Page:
To justify the fact that MPTRAC and CLaMS trajectory calculations can mutually substitute each other, the MPTRAC and CLaMS models do not to need to be bit-identical, but deviations must be much smaller than those from external uncertainty sources, e.g. reanalysis differences, vertical velocities, and sub-grid-scale diffusion, and must be on the order of combined internal uncertainties. In our study, we show that, after implementing hybrid zeta coordinates and diabatic vertical velocities in MPTRAC, MPTRAC, and CLaMS, results of forward-trajectory calculations differ only insignificantly. CLaMS and MPTRAC trajectory calculations can substitute each other, which bears a path forward for combined CLaMS–MPTRAC simulations in upcoming HPC systems. Further, we quantify and order in more detail the sources of transport uncertainties that are found in Lagrangian models and the driving data.

In Sect.

Diabatic transport calculations in hybrid zeta coordinates were implemented in MPTRAC, similarly to CLaMS. Lagrangian transport calculations rely on, first, the Lagrangian transport model itself and, second, the input wind fields that drive the model. In the following sections, the implementation of diabatic transport into MPTRAC and CLaMS, the used meteorological data, and the used diagnostic to evaluate diabatic transport in MPTRAC are described in detail.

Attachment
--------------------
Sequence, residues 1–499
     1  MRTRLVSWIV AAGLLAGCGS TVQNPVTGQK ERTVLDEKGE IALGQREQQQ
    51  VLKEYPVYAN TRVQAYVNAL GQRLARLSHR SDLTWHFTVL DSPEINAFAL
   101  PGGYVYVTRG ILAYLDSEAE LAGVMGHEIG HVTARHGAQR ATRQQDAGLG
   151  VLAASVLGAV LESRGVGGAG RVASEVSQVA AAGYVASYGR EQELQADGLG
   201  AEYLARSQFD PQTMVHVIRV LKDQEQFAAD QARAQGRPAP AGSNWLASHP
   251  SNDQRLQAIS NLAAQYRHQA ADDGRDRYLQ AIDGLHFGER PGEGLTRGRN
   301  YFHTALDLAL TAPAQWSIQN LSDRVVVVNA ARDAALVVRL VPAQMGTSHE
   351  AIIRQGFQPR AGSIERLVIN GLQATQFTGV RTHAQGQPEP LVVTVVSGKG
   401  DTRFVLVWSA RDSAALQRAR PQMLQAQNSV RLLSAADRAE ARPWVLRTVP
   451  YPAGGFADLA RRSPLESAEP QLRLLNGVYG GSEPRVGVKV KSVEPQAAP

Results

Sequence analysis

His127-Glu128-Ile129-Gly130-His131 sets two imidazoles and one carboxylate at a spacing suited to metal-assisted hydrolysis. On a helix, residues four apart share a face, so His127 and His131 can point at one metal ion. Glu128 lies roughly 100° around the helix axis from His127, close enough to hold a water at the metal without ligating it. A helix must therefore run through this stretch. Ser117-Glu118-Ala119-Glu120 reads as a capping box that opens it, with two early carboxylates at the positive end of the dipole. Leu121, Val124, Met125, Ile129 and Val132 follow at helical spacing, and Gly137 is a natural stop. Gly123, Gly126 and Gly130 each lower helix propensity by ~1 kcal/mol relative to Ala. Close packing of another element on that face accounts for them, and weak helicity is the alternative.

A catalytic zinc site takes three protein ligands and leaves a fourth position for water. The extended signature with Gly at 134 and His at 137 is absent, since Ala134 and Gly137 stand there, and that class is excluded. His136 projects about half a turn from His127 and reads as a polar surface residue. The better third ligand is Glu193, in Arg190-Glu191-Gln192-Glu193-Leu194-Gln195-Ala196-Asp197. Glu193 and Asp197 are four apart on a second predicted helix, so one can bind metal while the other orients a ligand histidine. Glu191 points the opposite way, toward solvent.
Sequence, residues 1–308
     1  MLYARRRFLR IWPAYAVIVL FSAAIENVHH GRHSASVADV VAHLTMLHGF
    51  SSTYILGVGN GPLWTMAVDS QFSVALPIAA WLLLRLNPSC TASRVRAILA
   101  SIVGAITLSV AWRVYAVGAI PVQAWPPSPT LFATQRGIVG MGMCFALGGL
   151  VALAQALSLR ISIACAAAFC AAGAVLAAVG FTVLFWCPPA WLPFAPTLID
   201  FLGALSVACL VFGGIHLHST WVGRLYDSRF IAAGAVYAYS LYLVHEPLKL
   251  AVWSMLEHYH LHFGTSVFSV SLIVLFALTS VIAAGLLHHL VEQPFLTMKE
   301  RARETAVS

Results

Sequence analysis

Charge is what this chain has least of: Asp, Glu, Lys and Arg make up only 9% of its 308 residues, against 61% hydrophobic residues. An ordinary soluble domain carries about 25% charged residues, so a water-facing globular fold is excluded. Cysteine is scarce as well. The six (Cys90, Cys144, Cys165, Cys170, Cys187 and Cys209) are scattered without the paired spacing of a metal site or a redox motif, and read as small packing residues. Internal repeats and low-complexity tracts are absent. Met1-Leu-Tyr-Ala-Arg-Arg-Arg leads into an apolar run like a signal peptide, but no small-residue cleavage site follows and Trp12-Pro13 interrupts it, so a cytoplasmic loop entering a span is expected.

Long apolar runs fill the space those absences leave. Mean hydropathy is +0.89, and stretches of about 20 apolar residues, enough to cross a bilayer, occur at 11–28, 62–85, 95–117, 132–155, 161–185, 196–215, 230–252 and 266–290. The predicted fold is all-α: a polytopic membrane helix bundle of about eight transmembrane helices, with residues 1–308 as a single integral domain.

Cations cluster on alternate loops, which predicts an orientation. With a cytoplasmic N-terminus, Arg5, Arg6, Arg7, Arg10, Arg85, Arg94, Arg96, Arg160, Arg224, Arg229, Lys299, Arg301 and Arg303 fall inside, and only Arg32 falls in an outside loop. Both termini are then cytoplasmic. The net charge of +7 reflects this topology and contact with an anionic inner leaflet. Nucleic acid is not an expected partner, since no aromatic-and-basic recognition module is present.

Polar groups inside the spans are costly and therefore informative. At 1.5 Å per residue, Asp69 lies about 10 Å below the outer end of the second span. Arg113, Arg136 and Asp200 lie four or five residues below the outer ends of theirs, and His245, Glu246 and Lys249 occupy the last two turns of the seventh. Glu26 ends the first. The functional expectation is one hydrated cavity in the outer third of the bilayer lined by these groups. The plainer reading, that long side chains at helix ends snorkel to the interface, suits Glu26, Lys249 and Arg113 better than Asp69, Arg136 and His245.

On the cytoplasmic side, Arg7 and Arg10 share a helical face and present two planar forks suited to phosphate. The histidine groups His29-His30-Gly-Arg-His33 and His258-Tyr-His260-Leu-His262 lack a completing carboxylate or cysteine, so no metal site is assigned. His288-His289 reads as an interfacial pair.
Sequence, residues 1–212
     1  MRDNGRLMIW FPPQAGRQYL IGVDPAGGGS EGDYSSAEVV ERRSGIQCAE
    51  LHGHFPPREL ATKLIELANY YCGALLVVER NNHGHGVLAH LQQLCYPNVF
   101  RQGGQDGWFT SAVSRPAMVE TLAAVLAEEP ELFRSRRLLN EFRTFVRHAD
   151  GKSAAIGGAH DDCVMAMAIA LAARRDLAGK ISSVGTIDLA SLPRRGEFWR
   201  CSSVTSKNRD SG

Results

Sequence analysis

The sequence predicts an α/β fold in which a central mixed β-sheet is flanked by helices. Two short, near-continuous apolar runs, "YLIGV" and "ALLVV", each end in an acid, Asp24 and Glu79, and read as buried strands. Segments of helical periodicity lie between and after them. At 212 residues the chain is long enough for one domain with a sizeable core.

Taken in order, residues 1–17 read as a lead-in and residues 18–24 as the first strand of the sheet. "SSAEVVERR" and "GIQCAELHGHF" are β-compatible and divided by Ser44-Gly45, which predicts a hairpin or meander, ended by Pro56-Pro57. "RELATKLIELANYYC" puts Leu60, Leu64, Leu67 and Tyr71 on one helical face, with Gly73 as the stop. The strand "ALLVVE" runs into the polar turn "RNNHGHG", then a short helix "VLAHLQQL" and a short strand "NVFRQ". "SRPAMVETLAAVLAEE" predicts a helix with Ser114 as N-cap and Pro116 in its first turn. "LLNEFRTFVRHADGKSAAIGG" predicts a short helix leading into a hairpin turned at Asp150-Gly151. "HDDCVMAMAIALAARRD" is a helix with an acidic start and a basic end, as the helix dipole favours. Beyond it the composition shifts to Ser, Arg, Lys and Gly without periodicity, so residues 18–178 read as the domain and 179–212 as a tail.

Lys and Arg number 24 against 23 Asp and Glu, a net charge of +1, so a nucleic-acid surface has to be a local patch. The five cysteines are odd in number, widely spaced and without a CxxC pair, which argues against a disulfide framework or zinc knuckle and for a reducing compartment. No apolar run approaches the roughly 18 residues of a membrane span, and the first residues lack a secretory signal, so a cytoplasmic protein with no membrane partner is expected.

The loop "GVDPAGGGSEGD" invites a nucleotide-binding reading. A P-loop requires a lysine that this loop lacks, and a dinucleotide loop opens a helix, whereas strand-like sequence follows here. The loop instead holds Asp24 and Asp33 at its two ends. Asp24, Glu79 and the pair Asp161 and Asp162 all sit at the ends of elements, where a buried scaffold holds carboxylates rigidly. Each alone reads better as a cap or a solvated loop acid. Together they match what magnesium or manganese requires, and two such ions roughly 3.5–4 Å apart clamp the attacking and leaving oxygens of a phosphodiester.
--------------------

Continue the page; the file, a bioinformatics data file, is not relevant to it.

CLaMS is a comprehensive chemical Lagrangian transport model including irreversible mixing and stratospheric chemistry

CLaMS applies the vertical hybrid zeta coordinate (